Curl snake Facts

Curl snake Facts
Curl snake, also known as myall snake is venomous snake that belongs to the elapid family. It can be found in eastern and central parts of Australia. Curl snake prefers arid areas and usually inhabits woodlands, grasslands and scrublands. It avoids wet, coastal areas. Curl snake is numerous in all parts of its native range, except in the Victoria, where it is listed as vulnerable (it can become endangered in the near future). Habitat destruction is the major factor which negative affects survival of curl snakes in the wild.
Interesting Curl snake Facts:
Curl snake is small snake that can reach from 16 to 24 inches in length.
Curl snake has brownish or reddish body. Head is usually brown or black-colored, much darker than the rest of the body. Ventral side of the body is creamy or white in color. Two, dark strips stretch from the eyes to the tip of the snout.
Curl snake has reticulated pattern on dorsal side of the body thanks to dark-colored edges of the vertebral scales.
Curl snake can be easily confused with Ord curl snake due to similar color and size of the body of these two genetically related types of snakes.
Curl snake has broad, flattened head and small, orange-colored eyes. It has strong body covered with smooth scales.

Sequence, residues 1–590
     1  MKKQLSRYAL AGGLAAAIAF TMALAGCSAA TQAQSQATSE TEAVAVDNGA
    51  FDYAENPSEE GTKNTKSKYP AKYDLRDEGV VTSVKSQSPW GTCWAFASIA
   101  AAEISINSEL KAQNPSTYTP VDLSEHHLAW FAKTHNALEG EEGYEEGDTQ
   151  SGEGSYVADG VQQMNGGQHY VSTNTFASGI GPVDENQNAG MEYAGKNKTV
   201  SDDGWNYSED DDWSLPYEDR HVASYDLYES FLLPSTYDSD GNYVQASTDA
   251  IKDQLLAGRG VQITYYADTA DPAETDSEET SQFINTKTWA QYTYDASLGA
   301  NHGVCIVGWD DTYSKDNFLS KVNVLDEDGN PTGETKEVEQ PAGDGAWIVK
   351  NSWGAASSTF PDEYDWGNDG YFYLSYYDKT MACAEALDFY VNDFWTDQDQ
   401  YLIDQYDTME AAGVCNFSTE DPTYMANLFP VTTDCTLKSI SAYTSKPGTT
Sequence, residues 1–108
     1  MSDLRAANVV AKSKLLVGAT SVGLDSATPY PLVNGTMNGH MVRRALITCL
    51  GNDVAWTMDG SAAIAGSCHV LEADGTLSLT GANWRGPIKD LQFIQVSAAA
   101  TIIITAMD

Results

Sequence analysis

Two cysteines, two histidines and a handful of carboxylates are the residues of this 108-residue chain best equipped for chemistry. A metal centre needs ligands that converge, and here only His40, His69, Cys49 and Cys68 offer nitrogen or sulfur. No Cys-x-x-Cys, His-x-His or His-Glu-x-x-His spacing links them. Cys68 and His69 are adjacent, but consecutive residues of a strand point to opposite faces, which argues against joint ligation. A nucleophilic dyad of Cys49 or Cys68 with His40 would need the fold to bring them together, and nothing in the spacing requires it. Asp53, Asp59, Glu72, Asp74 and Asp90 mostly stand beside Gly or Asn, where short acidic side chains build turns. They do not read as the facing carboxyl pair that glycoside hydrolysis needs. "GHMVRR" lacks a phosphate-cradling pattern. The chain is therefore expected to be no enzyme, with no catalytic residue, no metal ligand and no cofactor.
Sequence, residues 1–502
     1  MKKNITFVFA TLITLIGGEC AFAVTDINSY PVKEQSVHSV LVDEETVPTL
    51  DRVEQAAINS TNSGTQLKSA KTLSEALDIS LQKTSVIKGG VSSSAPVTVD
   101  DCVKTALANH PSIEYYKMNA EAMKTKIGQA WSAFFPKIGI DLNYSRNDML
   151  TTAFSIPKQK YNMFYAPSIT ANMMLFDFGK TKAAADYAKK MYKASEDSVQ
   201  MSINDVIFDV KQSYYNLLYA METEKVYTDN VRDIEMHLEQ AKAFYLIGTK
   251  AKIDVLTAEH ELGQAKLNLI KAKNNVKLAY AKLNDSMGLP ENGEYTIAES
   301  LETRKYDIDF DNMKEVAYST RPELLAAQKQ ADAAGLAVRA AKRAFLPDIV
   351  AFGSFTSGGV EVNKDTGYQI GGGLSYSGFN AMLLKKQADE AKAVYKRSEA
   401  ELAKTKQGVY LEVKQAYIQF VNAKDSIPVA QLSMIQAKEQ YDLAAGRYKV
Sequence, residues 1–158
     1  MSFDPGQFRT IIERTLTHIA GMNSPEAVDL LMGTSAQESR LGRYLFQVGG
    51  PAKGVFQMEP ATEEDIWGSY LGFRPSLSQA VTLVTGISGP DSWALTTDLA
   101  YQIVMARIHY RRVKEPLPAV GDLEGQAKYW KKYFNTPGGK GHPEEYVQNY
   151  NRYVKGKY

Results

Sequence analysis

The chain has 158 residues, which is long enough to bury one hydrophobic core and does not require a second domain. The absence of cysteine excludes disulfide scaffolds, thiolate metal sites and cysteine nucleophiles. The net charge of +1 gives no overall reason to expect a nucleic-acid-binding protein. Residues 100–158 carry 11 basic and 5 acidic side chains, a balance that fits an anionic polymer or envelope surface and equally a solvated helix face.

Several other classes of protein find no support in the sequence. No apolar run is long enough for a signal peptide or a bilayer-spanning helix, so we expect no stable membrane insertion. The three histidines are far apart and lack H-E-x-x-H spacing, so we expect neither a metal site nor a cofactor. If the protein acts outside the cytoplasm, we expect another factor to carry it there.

Curl snake is terrestrial animal (adapted to the life on the ground).
Curl snake is nocturnal animal (active during the night).
Curl snake hides under the piles of rocks, leaf litter and logs or inside the cracks in the soil during the day.
Curl snake is a carnivore (meat-eater). Its diet is based on geckoes, legless lizards, skinks, dragons, snakes, frogs and small mammals. Mammals represent only 1/5 of snake's diet.
Curl snake uses hollow, fixed fangs to deliver venom into the prey. Venom of curl snake induces fast degradation of the nervous tissue of small animals (it belongs to the group of neurotoxins). Curl snake uses the venom to catch the prey and to protect itself against the predators.
Bite of curl snake can be dangerous for humans (especially for the small children). Injured person should seek medical attention immediately after the bite.
Name "curl snake" refers to the habit of this snake to coil its body whenever it is threatened. Several loops protect the head, but do not prevent the snake to catapult itself toward the predator in the case of prolonged harassment.
Little is known about reproductive behavior of the curl snakes except that females give birth to 1 to 7 live snakes during the summer.
Hatchlings are 6 inches long at birth and they need to fend for themselves from the moment of birth.
Lifespan of curl snake is unknown.

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